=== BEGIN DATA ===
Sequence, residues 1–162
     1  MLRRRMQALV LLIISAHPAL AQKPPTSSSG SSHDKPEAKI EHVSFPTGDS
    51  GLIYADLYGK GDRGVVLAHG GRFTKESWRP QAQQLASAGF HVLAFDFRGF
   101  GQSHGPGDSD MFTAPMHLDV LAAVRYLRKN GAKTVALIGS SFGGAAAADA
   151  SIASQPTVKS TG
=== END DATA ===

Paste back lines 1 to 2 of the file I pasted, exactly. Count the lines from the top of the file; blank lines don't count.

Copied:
Sequence, residues 1–162
     1  MLRRRMQALV LLIISAHPAL AQKPPTSSSG SSHDKPEAKI EHVSFPTGDS